An engraving depicting of the capture of John Lawson and Baron Christoph von Graffenried as they traveled on the Neuse River by the Tuscarora people. The settlement of New Bern in 1710 pushed the Indians to the point of desperation. Over 400 Swiss and German Palatines, led by Baron Christoph von Graffenried, displaced the Indian town of Chattoka at the junction of the Neuse and Trent rivers. Fearful of further colonial expansion, the Tuscaroras appealed to the Pennsylvania colony for asylum. In 1710, at a meeting with Pennsylvania commissioners and local Shawnee and Conestoga Indian leaders, Tuscarora emissaries proposed to relocate from North Carolina to the Susquehanna region. They sought a "lasting peace" with the Indians and government of Pennsylvania in order to "be secured against those fearful apprehensions they have these several years felt." The Pennsylvania commissioners, however, stipulated that the Tuscaroras present a certificate of good behavior from their North Carolina neighbors before they could "be assured of a favorable reception" in Pennsylvania. This demand effectively denied the Tuscarora request. 

Unable to find refuge in Pennsylvania, the Tuscaroras took the offensive. In early September 1711 the Tuscaroras captured Baron von Graffenried, John Lawson, and two black slaves as they journeyed up the Neuse River. The Indians took their prisoners to the village of Catechna, about four miles north of present-day Grifton, in Pitt County. At Catechna, John Lawson quarreled heatedly with a Coree chief named Cor Tom. In response, the Indians tortured and killed Lawson. Graffenried was more diplomatic and lived to describe the experience in word and picture. Known for harboring black fugitives, the Tuscaroras spared the slaves. Lawson had been dead little more than a decade when William Byrd wrote, "they [the Indians] resented their wrongs a little too severely upon Mr. Lawson, who, under Colour of being Surveyor Gen'l, had encroacht too much upon their Territories, at which they were so enrag'd, that they . . . cut his throat from Ear to Ear, but at the same time releas'd the Baron de Graffenried, whom they had Seized for Company, because it appear'd plainly he had done them no Wrong."

West of the present-day town of Snow Hill in Greene County the Tuscaroras' determined struggle to retain their homeland was brought to an end. Here, on 20 March 1713, Moore's forces began their attack on Fort Neoheroka. For three days the Tuscaroras withstood the South Carolina Indian onslaught. Finally Moore's forces set fire to the bastions and to buildings within the Tuscarora stronghold. By mid-morning on 23 March they had routed the last of its Indian defenders.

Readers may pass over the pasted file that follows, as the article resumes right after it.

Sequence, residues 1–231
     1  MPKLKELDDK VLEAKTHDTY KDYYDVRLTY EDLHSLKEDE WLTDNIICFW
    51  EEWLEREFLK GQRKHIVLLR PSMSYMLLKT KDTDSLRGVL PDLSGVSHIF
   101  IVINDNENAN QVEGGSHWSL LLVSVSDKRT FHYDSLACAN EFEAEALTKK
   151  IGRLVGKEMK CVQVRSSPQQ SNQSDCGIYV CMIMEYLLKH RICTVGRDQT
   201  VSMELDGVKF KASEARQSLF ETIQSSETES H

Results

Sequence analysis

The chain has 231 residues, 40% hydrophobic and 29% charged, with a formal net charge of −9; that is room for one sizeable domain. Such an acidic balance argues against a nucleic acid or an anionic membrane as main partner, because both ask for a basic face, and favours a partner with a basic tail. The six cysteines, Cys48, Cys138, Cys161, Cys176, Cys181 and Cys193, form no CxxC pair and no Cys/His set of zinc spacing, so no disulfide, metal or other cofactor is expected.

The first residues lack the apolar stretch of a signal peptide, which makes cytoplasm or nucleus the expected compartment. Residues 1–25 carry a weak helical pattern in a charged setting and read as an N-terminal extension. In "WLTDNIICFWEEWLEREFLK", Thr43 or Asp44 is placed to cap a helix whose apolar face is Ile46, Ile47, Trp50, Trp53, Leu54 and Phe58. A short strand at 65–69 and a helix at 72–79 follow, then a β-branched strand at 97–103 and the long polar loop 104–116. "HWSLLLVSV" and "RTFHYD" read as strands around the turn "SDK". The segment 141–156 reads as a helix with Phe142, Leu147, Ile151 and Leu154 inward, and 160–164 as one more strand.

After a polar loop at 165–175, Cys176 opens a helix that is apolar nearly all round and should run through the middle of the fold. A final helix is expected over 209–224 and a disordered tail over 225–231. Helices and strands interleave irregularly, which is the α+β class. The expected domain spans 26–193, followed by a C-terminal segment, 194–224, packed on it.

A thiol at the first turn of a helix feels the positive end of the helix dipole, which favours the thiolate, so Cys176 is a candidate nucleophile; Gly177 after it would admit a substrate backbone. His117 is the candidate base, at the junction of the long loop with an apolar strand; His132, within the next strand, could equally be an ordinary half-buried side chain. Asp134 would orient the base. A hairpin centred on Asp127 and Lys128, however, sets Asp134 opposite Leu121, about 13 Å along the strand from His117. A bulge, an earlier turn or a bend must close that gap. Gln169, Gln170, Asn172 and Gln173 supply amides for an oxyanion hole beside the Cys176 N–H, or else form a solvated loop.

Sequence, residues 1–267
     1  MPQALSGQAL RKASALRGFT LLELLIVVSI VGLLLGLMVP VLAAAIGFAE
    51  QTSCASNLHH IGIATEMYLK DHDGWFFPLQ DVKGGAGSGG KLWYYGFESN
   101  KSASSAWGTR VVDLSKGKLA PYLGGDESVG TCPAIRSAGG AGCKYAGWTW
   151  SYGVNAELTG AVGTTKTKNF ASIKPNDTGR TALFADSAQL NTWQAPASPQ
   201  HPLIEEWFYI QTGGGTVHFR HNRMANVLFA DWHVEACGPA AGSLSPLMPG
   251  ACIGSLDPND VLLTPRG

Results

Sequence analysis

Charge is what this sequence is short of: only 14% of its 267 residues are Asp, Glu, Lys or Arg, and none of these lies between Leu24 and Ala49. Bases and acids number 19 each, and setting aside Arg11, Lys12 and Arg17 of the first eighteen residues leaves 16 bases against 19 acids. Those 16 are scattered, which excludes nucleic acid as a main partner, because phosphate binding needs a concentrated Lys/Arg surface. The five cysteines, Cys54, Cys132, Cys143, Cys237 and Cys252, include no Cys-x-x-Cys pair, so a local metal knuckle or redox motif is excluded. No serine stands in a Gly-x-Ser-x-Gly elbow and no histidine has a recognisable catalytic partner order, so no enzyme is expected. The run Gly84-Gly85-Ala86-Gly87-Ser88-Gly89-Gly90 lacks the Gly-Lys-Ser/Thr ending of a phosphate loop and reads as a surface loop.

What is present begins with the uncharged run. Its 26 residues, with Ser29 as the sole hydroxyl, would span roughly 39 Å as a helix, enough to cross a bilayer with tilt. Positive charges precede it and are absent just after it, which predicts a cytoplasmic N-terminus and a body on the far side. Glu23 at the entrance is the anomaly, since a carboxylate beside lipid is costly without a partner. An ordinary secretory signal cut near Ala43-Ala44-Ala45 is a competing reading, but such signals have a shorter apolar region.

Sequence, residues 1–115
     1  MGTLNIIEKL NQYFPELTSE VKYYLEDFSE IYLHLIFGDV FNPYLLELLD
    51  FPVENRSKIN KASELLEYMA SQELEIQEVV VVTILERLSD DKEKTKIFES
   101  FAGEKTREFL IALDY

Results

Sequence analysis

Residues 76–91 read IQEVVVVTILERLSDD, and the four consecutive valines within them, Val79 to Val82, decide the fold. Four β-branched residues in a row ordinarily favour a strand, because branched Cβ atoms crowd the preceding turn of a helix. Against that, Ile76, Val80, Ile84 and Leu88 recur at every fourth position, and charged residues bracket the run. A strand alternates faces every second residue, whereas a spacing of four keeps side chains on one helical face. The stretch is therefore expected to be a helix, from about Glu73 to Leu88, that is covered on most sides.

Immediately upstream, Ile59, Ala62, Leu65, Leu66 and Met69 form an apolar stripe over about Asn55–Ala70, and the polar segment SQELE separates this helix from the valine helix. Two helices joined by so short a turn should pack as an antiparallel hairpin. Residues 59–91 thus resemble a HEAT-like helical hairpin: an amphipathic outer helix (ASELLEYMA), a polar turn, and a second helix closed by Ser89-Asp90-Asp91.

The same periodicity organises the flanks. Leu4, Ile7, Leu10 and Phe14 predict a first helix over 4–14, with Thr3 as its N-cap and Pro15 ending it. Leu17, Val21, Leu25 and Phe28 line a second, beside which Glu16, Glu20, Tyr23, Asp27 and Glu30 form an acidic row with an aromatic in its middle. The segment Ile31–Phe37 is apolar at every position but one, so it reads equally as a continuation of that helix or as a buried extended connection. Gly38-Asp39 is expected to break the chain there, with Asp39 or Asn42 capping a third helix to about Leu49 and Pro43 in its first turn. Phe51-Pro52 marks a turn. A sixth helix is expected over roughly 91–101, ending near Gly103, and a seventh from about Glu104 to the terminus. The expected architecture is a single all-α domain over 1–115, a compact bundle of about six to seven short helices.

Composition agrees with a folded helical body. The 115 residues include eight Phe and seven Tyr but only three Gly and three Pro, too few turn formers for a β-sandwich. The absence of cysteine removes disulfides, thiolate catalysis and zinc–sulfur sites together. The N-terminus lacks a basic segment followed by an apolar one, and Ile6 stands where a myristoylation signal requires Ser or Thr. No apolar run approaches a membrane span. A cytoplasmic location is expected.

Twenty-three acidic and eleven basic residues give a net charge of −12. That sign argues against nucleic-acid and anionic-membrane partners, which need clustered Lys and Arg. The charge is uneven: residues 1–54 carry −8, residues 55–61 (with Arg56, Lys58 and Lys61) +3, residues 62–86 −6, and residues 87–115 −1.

The Tuscarora War was over. For the Tuscaroras the cost was bitter: 1,000 had been captured and enslaved; 1,400 were dead. A handful remained in rebellion until February 1715, when a treaty concluded the war. Most of the Tuscarora survivors migrated northward to become the sixth and smallest tribe of the powerful Iroquois League. In 1717 the few who remained in North Carolina received land on the Roanoke River near present-day Quitsna. 

Keep reading - The Colonial Cape Fear: From Pine Forests to Plantations | North Carolina before 1770 

Read more about the Tuscarora in NCpedia:

Tuscarora Indians
Tom Blunt, Chief of the Tuscarora
Nooherooka, Site of Tuscarora Battle


Fenn, Elizabeth Anne, and Joe A. Mobley. 2003. The way we lived in North Carolina. Chapel Hill, NC [u.a.]: Published in association with the Office of Archives and History, North Carolina Dept. of Cultural Resources, by the University of North Carolina Press.

Additional Resources:

La Vere, David. “Of Fortifications and Fire: The Tuscarora Response to the Barnwell and Moore Expeditions during North Carolina’s Tuscarora War, 1712 and 1713.” The North Carolina Historical Review 94, no. 4 (2017): 363–90.

Image Credit: 

[An engraving of the Capture of De Graffenried and Lawson by the indians.] Photograph/Engraving. North Carolina Museum of History, Raleigh, N.C. H.1945.94.3